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bio website contactandcoil.com
location Ontario, Canada
age 38
visits member for 4 years, 2 months
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By day I'm a Professional Engineer, currently working as a .NET software developer. My CV.

I also wrote and maintain an open source extensible application framework called SoapBox Core, and an open source C# library for communicating with Insteon home automation devices called FluentDwelling.

You can follow me on twitter.


Dec
16
comment Is it better to use strings or int to reference enums outside the java part of the system?
@Neil - true but we're trying to play the odds here. I'm not familiar with Java enums, but in C#, I explicitly set the values for enums if the values need to have meaning outside the program (such as in a database) (e.g. Hearts = 1, Diamonds = 2, etc.). Since that's not the default way to use an enum, it should give a later editor pause. Plus a comment noting where else these are used is handy.
Dec
16
comment Is it better to use strings or int to reference enums outside the java part of the system?
Good points, but you're forgetting about the case where someone decides to change the name of one of the enum entities (HEARTS to Heart or something in your example) and suddenly everything breaks again.
Dec
16
awarded  Nice Answer
Nov
22
revised Unit of Work Concurrency, how is it handled
added 134 characters in body
Nov
22
answered Unit of Work Concurrency, how is it handled
Nov
6
awarded  Custodian
Nov
6
answered Why do we use non-descriptive internal codenames?
Oct
16
awarded  Yearling
Sep
30
awarded  Explainer
Sep
29
comment recalculation model for GUIs
@AgostinoX - As I said, you can choose to do the calculation in the JavaScript on the client side, as long as it's just a convenience calculation. When the user commits it, then you have to do that calculation again on the server side to be sure you trust it. I think getter with lazy evaluation is your best bet (and would be the Functional Programming way to do it). Anything else seems like it's overly complex.
Sep
29
comment recalculation model for GUIs
@AgostinoX - assuming a trivial amount of recalculation, you would typically recalculate everything every time a change was made. In fact you could implement the calculation in the property getters, such as GetC() { return GetA() + GetB(); }. If you want to get fancy, then your setters could set a dirty bit, and your getters could call a recalculate() method that checks if it's dirty, recalculates all values, and then sets dirty to false (i.e. lazy evaluation). Going fully lazy on every property is only worth the overhead if you have significant calculation cost.
Sep
29
revised recalculation model for GUIs
added 1065 characters in body
Sep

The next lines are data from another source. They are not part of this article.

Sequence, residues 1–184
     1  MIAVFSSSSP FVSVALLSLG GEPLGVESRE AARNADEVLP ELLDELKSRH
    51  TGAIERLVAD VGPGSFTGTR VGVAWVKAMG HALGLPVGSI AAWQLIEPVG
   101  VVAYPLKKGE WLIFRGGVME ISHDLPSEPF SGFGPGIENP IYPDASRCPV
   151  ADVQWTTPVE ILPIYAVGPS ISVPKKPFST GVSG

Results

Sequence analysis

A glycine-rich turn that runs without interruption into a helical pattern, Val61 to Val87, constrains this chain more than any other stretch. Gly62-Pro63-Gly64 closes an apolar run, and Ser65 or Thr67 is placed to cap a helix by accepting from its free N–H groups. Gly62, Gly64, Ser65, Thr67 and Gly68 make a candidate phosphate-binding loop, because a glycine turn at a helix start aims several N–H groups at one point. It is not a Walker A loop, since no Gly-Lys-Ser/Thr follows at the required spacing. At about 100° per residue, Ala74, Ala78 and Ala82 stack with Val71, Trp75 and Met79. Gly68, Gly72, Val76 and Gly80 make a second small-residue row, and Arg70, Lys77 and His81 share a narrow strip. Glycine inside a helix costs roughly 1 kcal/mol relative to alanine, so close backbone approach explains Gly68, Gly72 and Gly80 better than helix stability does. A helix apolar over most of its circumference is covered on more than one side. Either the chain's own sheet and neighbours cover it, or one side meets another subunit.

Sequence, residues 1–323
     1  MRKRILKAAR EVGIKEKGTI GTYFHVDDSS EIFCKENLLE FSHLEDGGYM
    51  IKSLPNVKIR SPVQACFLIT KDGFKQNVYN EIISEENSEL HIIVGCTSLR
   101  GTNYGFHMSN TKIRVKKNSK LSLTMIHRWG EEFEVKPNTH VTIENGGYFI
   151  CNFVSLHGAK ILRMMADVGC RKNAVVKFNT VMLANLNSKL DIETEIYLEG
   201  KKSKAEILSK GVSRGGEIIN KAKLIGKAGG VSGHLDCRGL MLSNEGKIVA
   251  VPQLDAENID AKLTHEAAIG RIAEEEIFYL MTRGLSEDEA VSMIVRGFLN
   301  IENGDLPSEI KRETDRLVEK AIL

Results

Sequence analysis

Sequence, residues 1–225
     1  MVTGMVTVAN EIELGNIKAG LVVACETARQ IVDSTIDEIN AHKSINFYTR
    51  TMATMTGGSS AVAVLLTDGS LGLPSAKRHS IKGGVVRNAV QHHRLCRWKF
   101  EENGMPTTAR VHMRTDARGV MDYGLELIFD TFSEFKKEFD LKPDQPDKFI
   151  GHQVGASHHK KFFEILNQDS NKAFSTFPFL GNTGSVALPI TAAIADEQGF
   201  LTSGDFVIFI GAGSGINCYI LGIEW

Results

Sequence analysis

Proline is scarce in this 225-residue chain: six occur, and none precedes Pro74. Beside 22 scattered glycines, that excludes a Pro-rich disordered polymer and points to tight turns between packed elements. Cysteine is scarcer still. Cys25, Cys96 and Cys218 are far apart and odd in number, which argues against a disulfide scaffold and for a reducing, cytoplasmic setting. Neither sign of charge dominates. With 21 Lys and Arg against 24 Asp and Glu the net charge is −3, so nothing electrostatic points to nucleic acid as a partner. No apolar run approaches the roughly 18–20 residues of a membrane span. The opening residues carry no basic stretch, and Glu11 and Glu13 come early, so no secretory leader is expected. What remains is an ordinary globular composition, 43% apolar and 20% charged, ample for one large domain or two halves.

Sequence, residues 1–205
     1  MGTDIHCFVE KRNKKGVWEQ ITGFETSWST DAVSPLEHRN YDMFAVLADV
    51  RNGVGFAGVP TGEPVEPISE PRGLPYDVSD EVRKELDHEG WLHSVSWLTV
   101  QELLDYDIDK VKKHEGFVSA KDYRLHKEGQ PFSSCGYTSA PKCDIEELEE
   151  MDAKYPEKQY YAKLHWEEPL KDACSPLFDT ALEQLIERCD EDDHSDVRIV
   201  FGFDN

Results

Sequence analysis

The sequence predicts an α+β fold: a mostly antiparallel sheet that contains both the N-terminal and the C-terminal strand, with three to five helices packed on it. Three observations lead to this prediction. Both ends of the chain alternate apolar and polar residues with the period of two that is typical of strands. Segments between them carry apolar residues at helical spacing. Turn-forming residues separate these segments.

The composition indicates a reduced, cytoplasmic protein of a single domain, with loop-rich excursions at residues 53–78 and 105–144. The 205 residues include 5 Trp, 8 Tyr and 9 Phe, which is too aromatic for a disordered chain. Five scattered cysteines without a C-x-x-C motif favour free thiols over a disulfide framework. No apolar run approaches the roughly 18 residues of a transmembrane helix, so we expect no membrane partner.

29
answered recalculation model for GUIs
Sep
29
answered Decision making and maintenance
Sep
26
comment which pattern is most intuitive for a calculator app?
@MrClan - the typical UI architecture is one of MVC or MVP. What I've described in ICalculator is the Model. The View would be the Form you build using Winforms. You typically have a separate class called the Controller or Presenter. In the event handlers, you call methods on the Controller. It makes calls to the Model to get answers, and updates the View. How much goes in the Model vs. Controller would be up for some debate.
Sep
26
answered which pattern is most intuitive for a calculator app?
Sep
26
comment Is the “Objects First” approach a good idea?
@KonradMorawski - agreed, the typical examples fail to teach real OOP. A better example to teach OOP would be a Calculator or CalculatorService, i.e. something that provides a service to the rest of a program through a generalized interface.
Sep
25
comment What should I understand before I try to understand functional programming?
If your language doesn't support a lambda or delegate feature, then how do you write the Map function? Functional programming is more than just immutability.
Sep
17
comment Test Driven Development for Complex Games
...then you can write a separate test that uses statistical methods to check the actual workings of your real implementation of RandomNumberGenerator.
Sep
17
comment Test Driven Development for Complex Games
Normally if part of your code uses random numbers, you abstract out your random number generator into a service (IRandomNumberGenerator) and anything that needs to use random numbers accepts a reference to that service interface in their constructor. Then when your test creates that object to run a unit test, it injects a MockRandomNumberGenerator that feeds a fixed known stream of numbers out. Then you have a repeatable test. The same idea is useful for anything that needs to get the current date/time or downloads information from a web service - just inject a mock service.